Beware the HiPPO Drone!

Posted on 05/11/2014

HiPPO graphicIf you work in tech or know a lot of west-coasters then you’ve probably heard the term HiPPO – Highest Paid Person’s Opinion. The term is going increasingly mainstream as more millennials enter the professional workforce and as the world becomes inherently flat through digital networking.

A HiPPO-Drone is someone who declares their opinion as fact and enforces said opinion without seeking more context and ignoring any context offered – even if that context comes from non-HiPPO experts in the topic. Their opinion-turned-fact-turned-plan comes out of nowhere and drops on you like something falling out of an unmanned drone. Despite all your best efforts to correct, steer or otherwise influence the HiPPO you will fail because you are now a victim of a HiPPO-drone incident.

Companies of all sizes have HiPPO drone incidents, but they become a real issue when they are a pervasive part of the culture – the HiPPO Syndrome. Traditional, very hierarchical cultures based on positional authority rather than current topical expertise are ripe breeding grounds for the HiPPO Syndrome. These companies’ cultures were formed when people moved up the hierarchy because they (in theory) knew the most about a topic and these companies still operate under the assumption that positional authority and subject matter expertise are one and the same. In today’s world this is a dangerous assumption to make.

How do you spot a HiPPO Syndrome culture? Symptoms include high turnover of outside hires, especially experienced hires in areas the company is trying to grow; decreasing ability to hire young talent and to retain them; and the tell tale sign…. when people are asked why they are doing something and the most common answer is “because HiPPO told me to”. When you reach this last sign get ready for some major market or competitive disruption to hit your company and rock it to its foundation.

In fairness, not all HiPPOs are bad or misinformed. Many are extremely capable and do keep their information, skills and perspectives fresh and sharp as the world changes. The problem is the people who have not kept pace with the changing world and refuse to open their eyes despite the best efforts of those around them to show them the way – they are the HiPPO drones in the making that you must find and remove from your culture. Let them fester and you’ll have a HiPPO Syndrome on your hands.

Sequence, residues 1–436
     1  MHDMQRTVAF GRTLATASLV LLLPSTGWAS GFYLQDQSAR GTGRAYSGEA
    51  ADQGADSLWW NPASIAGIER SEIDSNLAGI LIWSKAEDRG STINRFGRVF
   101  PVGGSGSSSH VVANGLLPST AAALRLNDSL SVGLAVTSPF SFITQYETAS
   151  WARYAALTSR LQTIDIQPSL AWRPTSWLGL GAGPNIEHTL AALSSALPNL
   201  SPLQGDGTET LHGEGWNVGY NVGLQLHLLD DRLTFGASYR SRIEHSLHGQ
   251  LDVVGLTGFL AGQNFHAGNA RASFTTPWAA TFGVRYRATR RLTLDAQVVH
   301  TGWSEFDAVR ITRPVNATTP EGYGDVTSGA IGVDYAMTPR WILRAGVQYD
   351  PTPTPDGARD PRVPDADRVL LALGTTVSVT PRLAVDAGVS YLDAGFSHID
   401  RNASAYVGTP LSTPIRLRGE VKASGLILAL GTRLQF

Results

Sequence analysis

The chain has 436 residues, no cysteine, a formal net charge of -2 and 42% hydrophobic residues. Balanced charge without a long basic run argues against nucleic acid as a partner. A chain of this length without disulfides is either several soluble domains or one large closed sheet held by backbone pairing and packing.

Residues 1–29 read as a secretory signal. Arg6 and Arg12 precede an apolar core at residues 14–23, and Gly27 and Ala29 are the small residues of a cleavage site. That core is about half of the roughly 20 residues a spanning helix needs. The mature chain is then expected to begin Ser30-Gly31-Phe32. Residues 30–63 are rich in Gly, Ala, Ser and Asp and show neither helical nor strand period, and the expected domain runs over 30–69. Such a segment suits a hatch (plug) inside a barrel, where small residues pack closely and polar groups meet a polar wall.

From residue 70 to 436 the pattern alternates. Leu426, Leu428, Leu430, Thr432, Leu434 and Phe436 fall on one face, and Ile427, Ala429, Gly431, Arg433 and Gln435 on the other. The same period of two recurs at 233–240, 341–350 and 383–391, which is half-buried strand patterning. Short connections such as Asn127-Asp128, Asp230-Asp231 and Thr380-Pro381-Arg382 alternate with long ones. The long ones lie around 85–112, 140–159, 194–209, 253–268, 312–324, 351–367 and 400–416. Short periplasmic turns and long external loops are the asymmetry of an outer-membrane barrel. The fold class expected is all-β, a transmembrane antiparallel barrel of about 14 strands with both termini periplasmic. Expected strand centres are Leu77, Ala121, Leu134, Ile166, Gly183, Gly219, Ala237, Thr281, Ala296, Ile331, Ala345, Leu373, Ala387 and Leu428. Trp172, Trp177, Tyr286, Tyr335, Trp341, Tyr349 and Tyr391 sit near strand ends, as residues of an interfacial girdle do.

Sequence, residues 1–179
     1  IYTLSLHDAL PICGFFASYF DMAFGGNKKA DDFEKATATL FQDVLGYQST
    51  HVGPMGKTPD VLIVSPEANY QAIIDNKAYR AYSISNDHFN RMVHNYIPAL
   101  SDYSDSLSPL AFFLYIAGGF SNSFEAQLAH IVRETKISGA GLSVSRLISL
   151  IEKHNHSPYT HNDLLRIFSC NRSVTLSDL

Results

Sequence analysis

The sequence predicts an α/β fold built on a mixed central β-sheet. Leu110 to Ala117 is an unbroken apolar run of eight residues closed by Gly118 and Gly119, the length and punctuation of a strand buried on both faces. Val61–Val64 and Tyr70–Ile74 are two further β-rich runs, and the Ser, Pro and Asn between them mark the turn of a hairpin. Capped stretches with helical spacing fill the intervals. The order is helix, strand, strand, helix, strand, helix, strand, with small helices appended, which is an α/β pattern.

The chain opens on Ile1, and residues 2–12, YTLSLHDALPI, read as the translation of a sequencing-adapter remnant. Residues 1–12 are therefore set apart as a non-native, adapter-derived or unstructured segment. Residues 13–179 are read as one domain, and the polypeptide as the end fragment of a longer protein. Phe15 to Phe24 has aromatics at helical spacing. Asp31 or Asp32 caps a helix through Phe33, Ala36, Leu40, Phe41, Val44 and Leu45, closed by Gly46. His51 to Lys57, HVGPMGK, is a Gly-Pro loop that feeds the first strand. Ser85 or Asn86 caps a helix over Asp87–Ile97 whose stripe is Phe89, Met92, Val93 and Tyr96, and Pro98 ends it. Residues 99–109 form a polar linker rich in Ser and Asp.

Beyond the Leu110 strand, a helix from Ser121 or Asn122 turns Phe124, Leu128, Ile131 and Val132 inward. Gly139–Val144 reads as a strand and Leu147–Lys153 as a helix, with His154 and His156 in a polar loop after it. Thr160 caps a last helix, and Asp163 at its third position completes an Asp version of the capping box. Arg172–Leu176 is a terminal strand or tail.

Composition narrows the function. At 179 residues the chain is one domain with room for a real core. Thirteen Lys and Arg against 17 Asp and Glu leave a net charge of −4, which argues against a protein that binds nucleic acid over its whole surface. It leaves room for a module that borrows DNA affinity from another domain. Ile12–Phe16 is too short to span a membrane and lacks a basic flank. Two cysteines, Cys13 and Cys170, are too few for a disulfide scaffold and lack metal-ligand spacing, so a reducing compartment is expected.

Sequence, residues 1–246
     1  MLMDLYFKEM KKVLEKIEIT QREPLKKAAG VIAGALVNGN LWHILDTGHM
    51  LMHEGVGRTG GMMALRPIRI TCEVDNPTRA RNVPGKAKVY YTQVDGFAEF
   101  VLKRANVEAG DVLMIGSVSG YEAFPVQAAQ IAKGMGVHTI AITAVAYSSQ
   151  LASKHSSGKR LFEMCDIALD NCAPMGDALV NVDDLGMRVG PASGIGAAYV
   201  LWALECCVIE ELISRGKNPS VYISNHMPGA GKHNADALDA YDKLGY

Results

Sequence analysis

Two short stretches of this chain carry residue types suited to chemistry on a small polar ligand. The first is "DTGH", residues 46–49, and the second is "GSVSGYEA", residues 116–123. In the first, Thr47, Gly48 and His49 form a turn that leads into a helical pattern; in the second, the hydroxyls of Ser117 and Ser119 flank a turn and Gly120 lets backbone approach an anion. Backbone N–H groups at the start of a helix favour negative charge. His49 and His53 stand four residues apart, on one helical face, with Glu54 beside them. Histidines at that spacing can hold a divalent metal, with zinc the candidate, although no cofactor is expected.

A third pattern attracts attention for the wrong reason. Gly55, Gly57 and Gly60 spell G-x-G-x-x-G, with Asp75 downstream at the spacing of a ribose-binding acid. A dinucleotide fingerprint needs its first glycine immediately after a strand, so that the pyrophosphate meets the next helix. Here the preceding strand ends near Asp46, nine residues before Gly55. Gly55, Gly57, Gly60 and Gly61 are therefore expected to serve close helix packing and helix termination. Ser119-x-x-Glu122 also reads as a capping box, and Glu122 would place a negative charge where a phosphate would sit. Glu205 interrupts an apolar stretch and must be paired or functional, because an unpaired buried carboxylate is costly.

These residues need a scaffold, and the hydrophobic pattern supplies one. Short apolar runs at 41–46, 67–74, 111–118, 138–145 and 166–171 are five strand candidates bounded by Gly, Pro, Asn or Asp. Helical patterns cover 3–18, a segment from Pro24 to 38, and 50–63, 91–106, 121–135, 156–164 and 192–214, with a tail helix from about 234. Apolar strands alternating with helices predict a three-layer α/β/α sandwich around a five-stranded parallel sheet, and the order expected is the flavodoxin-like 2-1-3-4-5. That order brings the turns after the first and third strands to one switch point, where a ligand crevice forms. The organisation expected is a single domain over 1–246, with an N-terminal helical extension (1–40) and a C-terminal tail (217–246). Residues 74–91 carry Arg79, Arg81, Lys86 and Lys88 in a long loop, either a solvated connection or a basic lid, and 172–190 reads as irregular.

As an executive how can you check yourself and your organization to make sure you don’t fall prey to the HiPPO Syndrome? (please add your thoughts in the comments as well – I’m sure you have fantastic ideas and experience to share

Ask your leadership team to back up their decisions with a mix of data and qualitative input that is recent. Experience is important but so are current data and forecasted trends

Never accept as an answer “That’s the way we’ve always done it” without a further explanation of why the ways of the past are still the best and most valid approach.

Manage your talent base by bringing in new people regularly and setting a culture of learning, experimentation and innovation so your employees keep their skills fresh. You actually want to be the company that recruiters actively target to fill jobs because it means your people have leading edge skills.

Lead by example. Meet with people at all levels of your organization and listen, listen, listen. Look for the eager learners; the diamonds in the rough; the ones with the ability to think of break-through ideas and nurture them. Check your own decision-making inputs regularly – are you a HiPPO drone at times?

Ask your leadership team where their ideas are coming from and really listen to the answers. If they claim all credit, or most of it, beware. If they have a mix of inputs from a variety of people in their network, from reading current information, watching your competitors and taking learnings from other industries in addition to their own ideas then that person is a keeper and less likely to be a HiPPO drone.

Great ideas, expertise and advice for your business can and should come from anywhere in the organization. This culture is not always easy to create but in this incredibly digitally connected, flat world it is truly a must. As an executive it is one’s responsibility to create an environment free of the HiPPO Syndrome and with very few HiPPO drone incidents. Culture can be a competitive advantage if you eliminate the HiPPO Syndrome.